I am curious what Peacemaker has to say about this sentence: "Serbs tend to treat Chetniks as much allies as Partisans, while Croats tend to treat Chetniks as equals as Ustaša, just in a Serbian version. Neither of them are right....Chetniks are in between" Historical record seem to say Ustase and CHetniks both wanted to create "ethnically pure states" which were to be done through ethnic cleansing and religious conversions. Difference being Chetniks were anti-Fascists and fought Axis and Ustase were Fascists and sided with Axis. Ustase also committed FAR worse atrocities. Fkp, this sentence seems to me a more wishful view than neutral. To say otherwise seems POV and conflicts with historical sources and the Chetniks WP. But I'm not sure what is the point of bringing that up as that is not what my discussion is about. Maxforige77 (talk) 05:51, 24 December 2015 (UTC)
You say "Just think for a second: if Chetniks would have exited the war as winners and restored the Karađorđević dinasty-ruled Yugoslavia, does anyone actually think Chetniks would have killed half of the country? Max, you really believe Chetniks would have entered Zagreb and killed all its population?" Of course not. Chetniks had no intention to cleanse Zagreb same way Ustase had no intention to cleanse Belgrade. Both wanted to create "pure" states. (I'm not saying both are equal, mind you). Greater Serbia and Greater Yugoslavia are different things. A Croatia would still existe in Grater Yugoslavia but much much smaller as most of it would be incorporated into Greater Serbia. Fkp, why are you talking about Zagreb when I clearly said Greater Serbia? Also half of the country? Are you denying that Greater Serbia was to be ethnicly pure Serbs only? Really? Chetniks wanted a pure state. How big population wise, nowhere does it say they cared about. Your reasoning makes no sense. What you think doesn't change what Chetniks high command literally stated their plan was. I was talking about all croats within the borders of Greater Serbia.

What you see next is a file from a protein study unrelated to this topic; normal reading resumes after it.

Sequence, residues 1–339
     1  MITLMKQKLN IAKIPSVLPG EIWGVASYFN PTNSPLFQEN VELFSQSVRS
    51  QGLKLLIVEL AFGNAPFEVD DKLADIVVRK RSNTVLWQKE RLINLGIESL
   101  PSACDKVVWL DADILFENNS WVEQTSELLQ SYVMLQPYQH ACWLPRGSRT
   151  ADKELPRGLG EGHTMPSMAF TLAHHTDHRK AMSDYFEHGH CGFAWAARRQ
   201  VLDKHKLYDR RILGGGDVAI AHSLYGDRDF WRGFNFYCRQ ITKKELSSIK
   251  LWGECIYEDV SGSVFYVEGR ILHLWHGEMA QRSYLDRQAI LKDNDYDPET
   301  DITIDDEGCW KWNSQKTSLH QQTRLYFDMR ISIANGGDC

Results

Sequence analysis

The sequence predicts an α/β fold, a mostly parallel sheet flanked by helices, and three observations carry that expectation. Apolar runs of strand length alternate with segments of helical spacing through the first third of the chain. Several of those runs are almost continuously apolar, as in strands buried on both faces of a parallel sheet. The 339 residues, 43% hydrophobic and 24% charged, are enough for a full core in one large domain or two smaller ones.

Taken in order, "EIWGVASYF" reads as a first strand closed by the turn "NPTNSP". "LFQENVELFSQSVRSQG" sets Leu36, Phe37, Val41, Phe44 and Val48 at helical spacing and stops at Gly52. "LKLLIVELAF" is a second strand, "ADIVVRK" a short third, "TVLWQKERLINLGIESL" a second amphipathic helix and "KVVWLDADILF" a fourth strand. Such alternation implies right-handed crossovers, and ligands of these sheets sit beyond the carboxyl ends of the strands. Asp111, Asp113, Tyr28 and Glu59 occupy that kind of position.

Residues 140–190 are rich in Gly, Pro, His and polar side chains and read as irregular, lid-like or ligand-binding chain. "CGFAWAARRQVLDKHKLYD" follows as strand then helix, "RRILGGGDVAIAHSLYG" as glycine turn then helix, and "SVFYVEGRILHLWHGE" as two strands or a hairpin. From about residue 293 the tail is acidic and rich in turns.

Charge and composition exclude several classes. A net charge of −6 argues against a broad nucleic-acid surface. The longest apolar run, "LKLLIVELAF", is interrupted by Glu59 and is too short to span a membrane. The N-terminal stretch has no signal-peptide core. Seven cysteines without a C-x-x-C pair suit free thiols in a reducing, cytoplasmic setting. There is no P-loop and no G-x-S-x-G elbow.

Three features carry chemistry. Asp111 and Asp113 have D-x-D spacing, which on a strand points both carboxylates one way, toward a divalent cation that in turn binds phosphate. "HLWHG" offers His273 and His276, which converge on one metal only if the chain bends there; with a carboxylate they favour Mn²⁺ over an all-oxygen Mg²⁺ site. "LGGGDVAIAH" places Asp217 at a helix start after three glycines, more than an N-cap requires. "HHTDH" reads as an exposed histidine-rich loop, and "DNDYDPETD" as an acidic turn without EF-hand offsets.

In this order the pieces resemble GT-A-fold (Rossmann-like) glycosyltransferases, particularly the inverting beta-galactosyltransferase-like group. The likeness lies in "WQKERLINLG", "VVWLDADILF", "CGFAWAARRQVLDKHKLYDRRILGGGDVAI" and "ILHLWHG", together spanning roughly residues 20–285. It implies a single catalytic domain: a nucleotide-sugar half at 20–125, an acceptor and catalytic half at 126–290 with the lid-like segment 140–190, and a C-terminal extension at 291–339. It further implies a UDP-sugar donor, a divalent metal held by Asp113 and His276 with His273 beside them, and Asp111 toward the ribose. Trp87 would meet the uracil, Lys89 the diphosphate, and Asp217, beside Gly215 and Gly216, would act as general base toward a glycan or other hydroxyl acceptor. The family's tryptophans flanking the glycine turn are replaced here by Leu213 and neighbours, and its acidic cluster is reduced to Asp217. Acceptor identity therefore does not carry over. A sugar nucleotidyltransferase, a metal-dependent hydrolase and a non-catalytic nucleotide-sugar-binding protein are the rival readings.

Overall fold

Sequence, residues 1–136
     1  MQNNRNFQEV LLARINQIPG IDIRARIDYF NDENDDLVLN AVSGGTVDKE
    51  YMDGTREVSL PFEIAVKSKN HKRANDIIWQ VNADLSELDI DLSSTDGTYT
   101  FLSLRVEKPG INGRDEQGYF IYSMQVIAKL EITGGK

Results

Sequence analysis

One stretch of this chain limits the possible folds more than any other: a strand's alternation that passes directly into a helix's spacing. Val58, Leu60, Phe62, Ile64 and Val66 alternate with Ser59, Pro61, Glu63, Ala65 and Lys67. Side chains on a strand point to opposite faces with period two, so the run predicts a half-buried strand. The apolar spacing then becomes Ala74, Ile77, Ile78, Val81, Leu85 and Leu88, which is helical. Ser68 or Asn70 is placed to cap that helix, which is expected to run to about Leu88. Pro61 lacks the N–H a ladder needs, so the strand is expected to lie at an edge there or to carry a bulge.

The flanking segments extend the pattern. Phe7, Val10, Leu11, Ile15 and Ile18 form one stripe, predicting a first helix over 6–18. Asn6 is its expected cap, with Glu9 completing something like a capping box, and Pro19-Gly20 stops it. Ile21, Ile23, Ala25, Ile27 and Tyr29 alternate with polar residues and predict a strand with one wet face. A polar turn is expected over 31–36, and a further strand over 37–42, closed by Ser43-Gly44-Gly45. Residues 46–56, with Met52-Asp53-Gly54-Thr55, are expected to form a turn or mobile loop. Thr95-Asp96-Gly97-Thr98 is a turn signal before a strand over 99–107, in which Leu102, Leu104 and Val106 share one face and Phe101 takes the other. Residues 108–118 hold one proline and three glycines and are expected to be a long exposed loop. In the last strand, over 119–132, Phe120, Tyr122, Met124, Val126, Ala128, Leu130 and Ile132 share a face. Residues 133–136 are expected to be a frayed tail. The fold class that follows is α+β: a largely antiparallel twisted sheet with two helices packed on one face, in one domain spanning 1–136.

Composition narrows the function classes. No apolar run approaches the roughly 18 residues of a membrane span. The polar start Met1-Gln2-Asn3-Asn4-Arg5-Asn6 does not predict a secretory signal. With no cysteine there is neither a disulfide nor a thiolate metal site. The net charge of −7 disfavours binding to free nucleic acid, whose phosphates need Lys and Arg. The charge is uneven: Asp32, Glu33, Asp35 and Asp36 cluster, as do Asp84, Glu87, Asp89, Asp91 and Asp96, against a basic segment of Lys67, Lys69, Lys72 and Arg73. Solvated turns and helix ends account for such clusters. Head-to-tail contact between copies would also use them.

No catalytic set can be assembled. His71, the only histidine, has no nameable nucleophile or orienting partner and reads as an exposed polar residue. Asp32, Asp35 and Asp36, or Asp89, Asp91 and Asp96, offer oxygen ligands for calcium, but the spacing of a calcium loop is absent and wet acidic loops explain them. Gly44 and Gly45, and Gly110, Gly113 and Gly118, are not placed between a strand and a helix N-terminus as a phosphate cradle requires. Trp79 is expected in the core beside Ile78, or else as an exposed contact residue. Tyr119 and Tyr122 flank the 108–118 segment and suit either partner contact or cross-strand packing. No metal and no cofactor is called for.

Directive 5 literally states "the creation of contiguous frontiers between Serbia and Montenegro, as well as between Serbia and Slovenia (Croatia is between) by cleansing the Muslim population from Sandžak and the Muslim and Croat populations from Bosnia and Herzegovina."So why in the intro is Muslim cleansing mentioned but not Croat?
Again, I am not saying both are equal in terms of suffering but that a significant amount of Croats did suffer that fate (Croats that lived within Greater Serbia borders). I know that Ustase atrocities mostly fueled Chetnik terror over Croatian populations but also should it not at least be mentioned that a portion of the Croatian population was destined to be cleanses due to their location within a part of the Greater Serbia based on non-Serb policies as well? Why not mention both as both are partly true? Of course Croats living outside the planned Greater Serbia borders are not to be included. A significant populations of Croats within Greater Serbia (Dalmatia and Western Bosnia) were to be cleansed just as the Muslims there were. Seems accurate based on what you two just said.I hope I am clearer now.
"However, the case is different in regard to Muslims which had most of its people living within the territory of the planned Chetnik actions. That is why the wording on respect to Muslims and on respect to Croats is different." So you agree that the Croats that lived in the region destined to be Greater Serbia did face the same fate as the Muslem that lived there? So why is that not mentioned in the intro? More than half of the Croat population lived in what was deemed to be part of Greater Serbia.That is simply what I ask. Not all Croats mind you. But the many that did live in Bosnia and Dalmatia and Slavonia? Your posts supports this. Also, Why is it not mentioned that ethnic tensions existed between Croats and Serbs before WWII like it was mentioned between Serbs and Muslems? As for my texts being TLDR, that would explain why you didn't get my point. Sorry, just wanted to be detailed with my reasoning. Again I refuse to edit the article myself without support from you. Maxforige77 (talk) 06:22, 24 December 2015 (UTC)